This case arises because both the Charter of the City and County of San Francisco and section 9 of article II of the California Constitution exclude tax measures from the referendum power of the voters. 1 There is no express exclusion of tax measures from the initiative, however.

Because the role of the court is to apply a statute or constitutional provision according to its terms, not to read into it exceptions or qualifications that are not supported by the language of the provision (Vallerga v. Dept. Alcoholic Bev. Control (1959) 53 Cal.2d 313, 318, 1 Cal.Rptr. 494, 347 P.2d 909), we begin with what appears to be the plain language of the constitutional and charter provisions which govern exercise of the initiative power in the City and County of San Francisco. Where the language is clear, it should be followed. (Droeger v. Friedman, Sloan & Ross (1991) 54 Cal.3d 26, 38, 283 Cal.Rptr. 584, 812 P.2d 931.)

These constitutional and charter provisions must be construed liberally in favor of the people's right to exercise the reserved powers of initiative and referendum. The initiative and referendum are not rights "granted the people, but ... power[s] reserved by them. Declaring it 'the duty of the courts to jealously guard this right of the people' [citation], the courts have described the initiative and referendum as articulating 'one of the most precious rights of our democratic process' [citation]. '[I]t has long been our judicial policy to apply a liberal construction to this power wherever it is challenged in order that the right not be improperly annulled. If doubts can reasonably be resolved in favor of the use of this reserve power, courts will preserve it.' " (Associated Home Builders etc., Inc. v. City of Livermore (1976) 18 Cal.3d 582, 591, 135 Cal.Rptr. 41, 557 P.2d 473, fn. omitted; see also Brosnahan v. Brown (1982) 32 Cal.3d 236, 241, 186 Cal.Rptr. 30, 651 P.2d 274.) We examine the constitutional and charter initiative provisions with these principles in mind.

Article II, section 8 of the Constitution creates the statewide initiative power. It provides in pertinent part:

"(a) The initiative is the power of the electors to propose statutes and amendments to the Constitution and to adopt or reject them.

"(b) An initiative measure may be proposed by presenting to the Secretary of State a petition that sets forth the text of the proposed statute or amendment to the Constitution and is certified to have been signed by electors equal in number to 5 percent in the case of a statute, and 8 percent in the case of an amendment to the Constitution, of the votes for all candidates for Governor at the last gubernatorial election.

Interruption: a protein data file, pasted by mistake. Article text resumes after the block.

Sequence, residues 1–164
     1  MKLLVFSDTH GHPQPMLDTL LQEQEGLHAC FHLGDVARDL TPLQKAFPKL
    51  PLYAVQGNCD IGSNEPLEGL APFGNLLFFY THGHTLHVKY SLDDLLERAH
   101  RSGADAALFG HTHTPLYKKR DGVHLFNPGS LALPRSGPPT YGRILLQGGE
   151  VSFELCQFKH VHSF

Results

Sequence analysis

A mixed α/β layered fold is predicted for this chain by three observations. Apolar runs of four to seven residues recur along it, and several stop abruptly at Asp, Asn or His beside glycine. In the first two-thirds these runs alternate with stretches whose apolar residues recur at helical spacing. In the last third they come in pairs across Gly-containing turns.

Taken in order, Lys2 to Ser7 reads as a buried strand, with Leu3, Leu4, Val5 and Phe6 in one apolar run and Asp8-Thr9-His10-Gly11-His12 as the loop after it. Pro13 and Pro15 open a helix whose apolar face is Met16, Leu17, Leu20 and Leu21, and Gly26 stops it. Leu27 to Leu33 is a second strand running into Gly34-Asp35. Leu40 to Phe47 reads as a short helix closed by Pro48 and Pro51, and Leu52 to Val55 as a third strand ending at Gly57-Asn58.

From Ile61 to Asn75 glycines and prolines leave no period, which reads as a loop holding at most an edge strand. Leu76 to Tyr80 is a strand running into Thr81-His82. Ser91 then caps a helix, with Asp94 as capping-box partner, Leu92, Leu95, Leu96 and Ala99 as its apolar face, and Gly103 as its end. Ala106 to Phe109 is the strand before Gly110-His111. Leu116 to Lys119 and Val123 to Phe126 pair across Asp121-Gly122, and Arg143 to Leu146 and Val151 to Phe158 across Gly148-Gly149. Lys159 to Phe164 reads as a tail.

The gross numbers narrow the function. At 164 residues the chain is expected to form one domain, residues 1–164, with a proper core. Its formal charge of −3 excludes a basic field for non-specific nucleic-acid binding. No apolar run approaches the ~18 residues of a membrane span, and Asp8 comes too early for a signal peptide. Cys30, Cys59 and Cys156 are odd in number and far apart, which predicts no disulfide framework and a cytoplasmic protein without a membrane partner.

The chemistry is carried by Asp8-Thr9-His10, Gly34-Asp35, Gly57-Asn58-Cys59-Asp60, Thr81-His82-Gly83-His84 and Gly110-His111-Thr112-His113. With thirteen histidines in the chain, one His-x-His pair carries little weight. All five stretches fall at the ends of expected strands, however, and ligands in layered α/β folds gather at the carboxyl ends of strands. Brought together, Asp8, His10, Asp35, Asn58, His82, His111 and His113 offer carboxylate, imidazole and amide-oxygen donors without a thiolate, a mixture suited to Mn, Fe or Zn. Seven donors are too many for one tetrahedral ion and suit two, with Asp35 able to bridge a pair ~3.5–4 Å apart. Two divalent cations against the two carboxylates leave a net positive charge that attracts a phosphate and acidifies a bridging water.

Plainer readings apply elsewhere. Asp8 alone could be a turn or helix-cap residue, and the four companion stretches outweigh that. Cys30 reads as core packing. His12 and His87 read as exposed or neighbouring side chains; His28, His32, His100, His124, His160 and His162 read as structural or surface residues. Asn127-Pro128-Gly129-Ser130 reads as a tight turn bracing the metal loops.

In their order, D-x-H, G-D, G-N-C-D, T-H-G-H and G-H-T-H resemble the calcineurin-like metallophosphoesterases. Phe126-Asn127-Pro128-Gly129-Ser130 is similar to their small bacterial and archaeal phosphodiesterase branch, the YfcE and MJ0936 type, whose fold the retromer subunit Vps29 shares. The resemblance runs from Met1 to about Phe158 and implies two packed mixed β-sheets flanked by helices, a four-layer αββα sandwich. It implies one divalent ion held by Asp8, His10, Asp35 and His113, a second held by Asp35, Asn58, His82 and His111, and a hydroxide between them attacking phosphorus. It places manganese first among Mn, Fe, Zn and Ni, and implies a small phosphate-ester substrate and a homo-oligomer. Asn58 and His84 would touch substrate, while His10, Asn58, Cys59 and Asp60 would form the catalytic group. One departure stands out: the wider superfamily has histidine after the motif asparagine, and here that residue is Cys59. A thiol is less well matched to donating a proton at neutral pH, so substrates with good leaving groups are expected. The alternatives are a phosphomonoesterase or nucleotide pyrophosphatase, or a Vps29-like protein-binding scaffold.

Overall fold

The only express constitutional limitations on the people's exercise of the statewide initiative power are those in sections 8 and 12 of article II. Section 8, subdivision (d) of article II bars initiative measures "embracing more than one subject," and section 12 of that article bars constitutional amendments and statutes which "name[ ] any individual to hold any office, or name[ ] or identif[y] any private corporation to perform any function or to have any power or duty...." 2

Nothing in the constitutional reservation of the initiative power expressly precludes exercise of the initiative to repeal a tax measure.

The local initiative power may be even broader than the initiative power reserved in the Constitution. (Hopping v. City of Richmond (1915) 170 Cal. 605, 150 P. 977; Spencer v. City of Alhambra (1941) 44 Cal.App.2d 75, 78, 111 P.2d 910.) In Spencer, the power of the voters to establish by initiative the minimum salaries for policemen was in issue. The city charter gave to the city commission the authority to establish those salaries, but in a separate provision the voters had reserved a very broad initiative power. "The qualified electors of the city shall have power through the initiative or otherwise, as provided by this chapter and the general laws of the state, to enact appropriate legislation to carry out and enforce any of the general powers of the city or any of the specified powers of the commission." (Id., at p. 78, 111 P.2d 910.) That reservation, the court held, overrode the commission's power.

"When ... the people phrased the foregoing sections pertaining to those powers in such broad, general and unambiguous language, the conclusion seems inevitable that thereby it was intended that legislation on every municipal subject should, unless expressly or by clear and necessary implication excluded by other sections, be subject to initiative actions through the adoption of ordinances by the people. After all, the people through their charter have a right to vest in the voters of the city the right and power to deal through initiative action with any matter within the realm of local affairs or municipal business, whether strictly legislative or not, as that term is generally used (Hopping v. City of Richmond, 170 Cal. 605 ); and ... the consensus of authority is to the effect that the fixing of salaries of public officers is a legislative...